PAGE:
Hayley Tashara-Charles, US
The trick with using textures is to blend them seamlessly into the rest of the painting. You know you’ve gone too far when the underlying form starts to become lost. They should be used subtly. One thing I do to figure out if I’ve gone too far is to squint at my painting. The textures should be the last thing I make out.
I always paint over my textures. I erase parts out where they wouldn’t be standing out, such as in shadow, for example. I make use of varying the opacity if the texture is standing out too much.
One useful technique is to wrap textures around the subject I’m painting. I use the Warp Mode in Photoshop’s Free Transform tool. If you’re only using texture in a certain part of a painting, keep in mind that detail and complexity will draw the eye, so use it at the point of interest.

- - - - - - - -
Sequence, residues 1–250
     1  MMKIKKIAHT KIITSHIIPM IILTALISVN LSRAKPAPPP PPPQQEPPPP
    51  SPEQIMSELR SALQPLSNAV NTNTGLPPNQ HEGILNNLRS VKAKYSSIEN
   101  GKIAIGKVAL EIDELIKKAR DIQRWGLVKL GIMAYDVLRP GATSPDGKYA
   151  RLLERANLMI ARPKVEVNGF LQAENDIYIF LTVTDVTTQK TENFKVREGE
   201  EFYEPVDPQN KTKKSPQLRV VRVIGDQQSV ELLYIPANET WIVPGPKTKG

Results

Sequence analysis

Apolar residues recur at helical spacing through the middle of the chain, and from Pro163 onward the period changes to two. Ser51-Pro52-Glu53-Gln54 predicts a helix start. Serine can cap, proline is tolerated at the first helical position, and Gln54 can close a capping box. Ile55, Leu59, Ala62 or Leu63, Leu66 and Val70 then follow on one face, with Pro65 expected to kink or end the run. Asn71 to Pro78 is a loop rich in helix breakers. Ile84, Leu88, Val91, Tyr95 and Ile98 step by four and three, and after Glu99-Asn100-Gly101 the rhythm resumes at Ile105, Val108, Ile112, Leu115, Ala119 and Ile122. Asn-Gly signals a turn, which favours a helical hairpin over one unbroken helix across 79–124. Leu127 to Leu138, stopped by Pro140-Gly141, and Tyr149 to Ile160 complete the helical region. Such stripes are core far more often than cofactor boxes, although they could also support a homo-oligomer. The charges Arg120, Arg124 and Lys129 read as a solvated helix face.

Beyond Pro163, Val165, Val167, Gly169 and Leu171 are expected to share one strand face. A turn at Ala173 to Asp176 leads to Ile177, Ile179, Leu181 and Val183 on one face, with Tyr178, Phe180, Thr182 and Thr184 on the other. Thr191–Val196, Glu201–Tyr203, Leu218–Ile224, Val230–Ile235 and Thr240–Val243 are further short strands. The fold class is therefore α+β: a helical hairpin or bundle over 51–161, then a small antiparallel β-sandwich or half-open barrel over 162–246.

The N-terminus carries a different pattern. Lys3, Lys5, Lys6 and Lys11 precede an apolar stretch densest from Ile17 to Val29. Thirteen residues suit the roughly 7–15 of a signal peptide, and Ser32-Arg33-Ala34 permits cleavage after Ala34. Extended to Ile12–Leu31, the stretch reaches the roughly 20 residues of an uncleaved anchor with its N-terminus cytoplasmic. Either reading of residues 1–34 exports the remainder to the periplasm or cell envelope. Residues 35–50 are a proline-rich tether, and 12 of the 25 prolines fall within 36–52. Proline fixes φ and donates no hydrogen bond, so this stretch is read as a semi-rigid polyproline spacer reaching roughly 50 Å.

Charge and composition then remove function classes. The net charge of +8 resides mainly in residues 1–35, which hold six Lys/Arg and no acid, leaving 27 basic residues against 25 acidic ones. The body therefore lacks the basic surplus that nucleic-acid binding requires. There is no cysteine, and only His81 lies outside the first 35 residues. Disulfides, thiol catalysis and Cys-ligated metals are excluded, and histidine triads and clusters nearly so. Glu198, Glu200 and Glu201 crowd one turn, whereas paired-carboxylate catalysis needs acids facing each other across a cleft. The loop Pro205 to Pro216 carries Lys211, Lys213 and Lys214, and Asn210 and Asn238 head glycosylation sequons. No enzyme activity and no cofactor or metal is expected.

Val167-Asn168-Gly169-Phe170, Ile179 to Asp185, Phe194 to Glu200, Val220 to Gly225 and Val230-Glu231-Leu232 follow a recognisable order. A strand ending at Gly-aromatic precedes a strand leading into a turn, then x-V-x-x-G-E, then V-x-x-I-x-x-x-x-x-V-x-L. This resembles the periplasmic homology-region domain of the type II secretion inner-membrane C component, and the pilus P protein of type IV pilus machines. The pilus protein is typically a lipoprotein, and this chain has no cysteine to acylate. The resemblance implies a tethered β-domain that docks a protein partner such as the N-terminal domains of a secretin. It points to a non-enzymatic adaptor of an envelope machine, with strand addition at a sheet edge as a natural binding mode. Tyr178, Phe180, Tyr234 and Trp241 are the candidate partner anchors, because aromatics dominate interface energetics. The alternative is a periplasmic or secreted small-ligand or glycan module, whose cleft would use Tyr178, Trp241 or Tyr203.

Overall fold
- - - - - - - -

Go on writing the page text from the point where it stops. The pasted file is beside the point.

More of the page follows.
Most importantly, textures should never be placed and left alone. They should mostly be used as a starting point.
I use elephant and rhino skin textures for my character’s face, and geometric patterns for his suit. Notice that the textures are subtle and quite low in contrast. This is the Warp Mode in action. It gives the texture a 3D form and helps with one of the many problems when using textures – when the texture looks flat.